The Gulf Islands of the Pacific Northwest are an enigma. The islands jut up through the brisk waters of the Pacific Ocean, and just as the likes of Vancouver and Seattle exist at the intersection of opulences both natural and manmade, the islands host multitudes in their lush, hushed red cedar and Doug Fir skyscrapers. Art d’Ecco is one such multitude: an unapologetic, inclusive rock and roll mystic in a wig and lipstick.
d’Ecco’s new record, Trespasser, is a product of those islands, where he wrote and prepared the album in a British Columbia cottage. It was in these woods, shrouded in fog rolling off the ocean and surrounded by deer, rabbits, and a reclusive neighbour, that Art d’Ecco found not just the clarity of stillness, but the loneliness and isolation of it. These he has distilled into a record of mystery, fluidity, and neon glam-rock stomp.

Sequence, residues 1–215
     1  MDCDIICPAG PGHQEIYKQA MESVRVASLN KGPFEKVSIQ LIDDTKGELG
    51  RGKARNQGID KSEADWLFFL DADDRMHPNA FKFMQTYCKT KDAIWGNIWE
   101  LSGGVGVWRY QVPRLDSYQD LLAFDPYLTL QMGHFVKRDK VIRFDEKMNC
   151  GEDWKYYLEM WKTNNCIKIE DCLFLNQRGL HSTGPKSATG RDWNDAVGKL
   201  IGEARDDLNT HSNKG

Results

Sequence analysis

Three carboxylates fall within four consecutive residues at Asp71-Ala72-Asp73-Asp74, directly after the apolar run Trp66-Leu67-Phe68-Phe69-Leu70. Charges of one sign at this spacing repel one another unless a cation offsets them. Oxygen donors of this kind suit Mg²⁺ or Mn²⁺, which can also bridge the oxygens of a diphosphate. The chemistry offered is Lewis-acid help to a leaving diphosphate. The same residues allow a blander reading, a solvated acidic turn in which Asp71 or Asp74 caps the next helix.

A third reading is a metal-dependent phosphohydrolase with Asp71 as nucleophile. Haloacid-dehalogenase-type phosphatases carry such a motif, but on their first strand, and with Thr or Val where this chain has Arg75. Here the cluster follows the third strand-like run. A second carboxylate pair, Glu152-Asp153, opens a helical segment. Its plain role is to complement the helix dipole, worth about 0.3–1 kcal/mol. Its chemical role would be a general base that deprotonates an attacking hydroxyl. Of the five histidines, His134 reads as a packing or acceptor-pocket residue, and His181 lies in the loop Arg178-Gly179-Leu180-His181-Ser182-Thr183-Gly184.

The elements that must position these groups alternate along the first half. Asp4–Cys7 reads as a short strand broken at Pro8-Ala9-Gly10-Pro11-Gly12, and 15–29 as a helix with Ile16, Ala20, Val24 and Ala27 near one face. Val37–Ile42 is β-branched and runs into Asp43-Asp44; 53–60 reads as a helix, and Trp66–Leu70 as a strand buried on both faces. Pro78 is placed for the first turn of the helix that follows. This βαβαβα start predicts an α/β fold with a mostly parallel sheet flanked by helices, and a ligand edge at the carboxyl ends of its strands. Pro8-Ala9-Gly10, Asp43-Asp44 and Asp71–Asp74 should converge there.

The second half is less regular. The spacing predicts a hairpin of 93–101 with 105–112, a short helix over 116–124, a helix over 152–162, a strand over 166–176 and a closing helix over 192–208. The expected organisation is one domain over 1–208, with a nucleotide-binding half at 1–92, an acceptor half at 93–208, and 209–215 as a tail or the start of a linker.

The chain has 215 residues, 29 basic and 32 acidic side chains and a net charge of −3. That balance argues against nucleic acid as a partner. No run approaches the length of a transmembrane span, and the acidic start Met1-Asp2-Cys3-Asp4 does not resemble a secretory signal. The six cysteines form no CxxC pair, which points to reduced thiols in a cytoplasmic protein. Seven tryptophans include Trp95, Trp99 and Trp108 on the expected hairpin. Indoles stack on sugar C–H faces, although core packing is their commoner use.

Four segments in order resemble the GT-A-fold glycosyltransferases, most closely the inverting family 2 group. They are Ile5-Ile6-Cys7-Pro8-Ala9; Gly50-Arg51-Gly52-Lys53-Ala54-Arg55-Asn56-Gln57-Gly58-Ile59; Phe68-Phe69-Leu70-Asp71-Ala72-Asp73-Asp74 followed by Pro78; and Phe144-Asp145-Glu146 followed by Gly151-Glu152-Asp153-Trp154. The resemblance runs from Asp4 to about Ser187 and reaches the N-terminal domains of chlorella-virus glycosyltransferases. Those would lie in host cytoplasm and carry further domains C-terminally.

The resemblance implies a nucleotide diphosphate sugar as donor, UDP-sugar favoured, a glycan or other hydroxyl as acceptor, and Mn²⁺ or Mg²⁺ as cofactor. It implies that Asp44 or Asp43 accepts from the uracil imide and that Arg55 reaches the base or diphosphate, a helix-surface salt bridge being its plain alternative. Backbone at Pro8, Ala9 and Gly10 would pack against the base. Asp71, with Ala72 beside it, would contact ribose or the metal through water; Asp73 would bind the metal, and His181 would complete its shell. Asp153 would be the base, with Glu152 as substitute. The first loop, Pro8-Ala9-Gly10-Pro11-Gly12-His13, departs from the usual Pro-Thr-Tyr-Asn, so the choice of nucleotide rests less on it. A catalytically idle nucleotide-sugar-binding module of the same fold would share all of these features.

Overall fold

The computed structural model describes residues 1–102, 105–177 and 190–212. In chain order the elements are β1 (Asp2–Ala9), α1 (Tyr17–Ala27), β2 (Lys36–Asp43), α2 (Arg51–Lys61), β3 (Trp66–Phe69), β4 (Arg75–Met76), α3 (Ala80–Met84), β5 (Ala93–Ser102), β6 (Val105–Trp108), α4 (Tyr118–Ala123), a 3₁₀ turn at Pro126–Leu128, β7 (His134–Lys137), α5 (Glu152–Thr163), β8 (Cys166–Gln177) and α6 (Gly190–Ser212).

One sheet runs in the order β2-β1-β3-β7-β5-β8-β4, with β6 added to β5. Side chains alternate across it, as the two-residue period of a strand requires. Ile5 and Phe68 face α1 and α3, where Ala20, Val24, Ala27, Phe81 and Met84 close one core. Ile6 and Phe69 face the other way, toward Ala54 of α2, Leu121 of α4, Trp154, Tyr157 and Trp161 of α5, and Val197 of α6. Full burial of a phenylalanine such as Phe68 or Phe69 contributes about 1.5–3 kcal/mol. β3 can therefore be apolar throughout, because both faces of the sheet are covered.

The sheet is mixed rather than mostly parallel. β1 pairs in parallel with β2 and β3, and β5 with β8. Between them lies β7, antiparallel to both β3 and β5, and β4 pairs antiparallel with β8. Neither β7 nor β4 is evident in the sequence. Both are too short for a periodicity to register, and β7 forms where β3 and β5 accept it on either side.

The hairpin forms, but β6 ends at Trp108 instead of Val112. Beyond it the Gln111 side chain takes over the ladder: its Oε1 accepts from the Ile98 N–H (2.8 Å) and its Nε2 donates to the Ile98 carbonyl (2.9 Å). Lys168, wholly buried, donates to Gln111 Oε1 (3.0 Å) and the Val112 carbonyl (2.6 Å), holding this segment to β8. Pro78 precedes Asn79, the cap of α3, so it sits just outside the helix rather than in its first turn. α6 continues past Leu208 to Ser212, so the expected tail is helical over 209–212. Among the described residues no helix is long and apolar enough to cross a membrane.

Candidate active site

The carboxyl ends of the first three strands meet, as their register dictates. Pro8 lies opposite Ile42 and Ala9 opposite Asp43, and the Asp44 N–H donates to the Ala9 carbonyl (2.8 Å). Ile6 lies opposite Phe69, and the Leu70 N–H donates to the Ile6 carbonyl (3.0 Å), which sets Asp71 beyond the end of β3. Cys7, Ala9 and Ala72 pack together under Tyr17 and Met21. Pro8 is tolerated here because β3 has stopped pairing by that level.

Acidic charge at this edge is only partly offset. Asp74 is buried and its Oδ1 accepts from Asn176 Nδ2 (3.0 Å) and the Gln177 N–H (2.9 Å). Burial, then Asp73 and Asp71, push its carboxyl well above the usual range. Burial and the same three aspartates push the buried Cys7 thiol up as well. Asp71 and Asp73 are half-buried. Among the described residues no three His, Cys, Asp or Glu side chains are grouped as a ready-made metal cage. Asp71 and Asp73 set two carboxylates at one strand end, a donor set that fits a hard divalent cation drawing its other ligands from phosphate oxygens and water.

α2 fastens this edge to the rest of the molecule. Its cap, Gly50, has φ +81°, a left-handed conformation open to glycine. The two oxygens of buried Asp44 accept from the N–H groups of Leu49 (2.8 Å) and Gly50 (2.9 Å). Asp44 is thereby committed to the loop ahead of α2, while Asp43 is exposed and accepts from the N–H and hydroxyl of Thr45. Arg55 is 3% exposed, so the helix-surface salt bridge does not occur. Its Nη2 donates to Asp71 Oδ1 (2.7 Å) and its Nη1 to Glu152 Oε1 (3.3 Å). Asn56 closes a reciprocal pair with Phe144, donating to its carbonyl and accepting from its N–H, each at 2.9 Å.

His aesthetic includes more than overdriven guitars, Italian analogue synths, and d’Ecco’s ear for melancholic melodicism. It means balancing the scales, encouraging inclusivity and love, and dethroning the dudes-in-jeans-and-t-shirts aesthetic from alternative rock.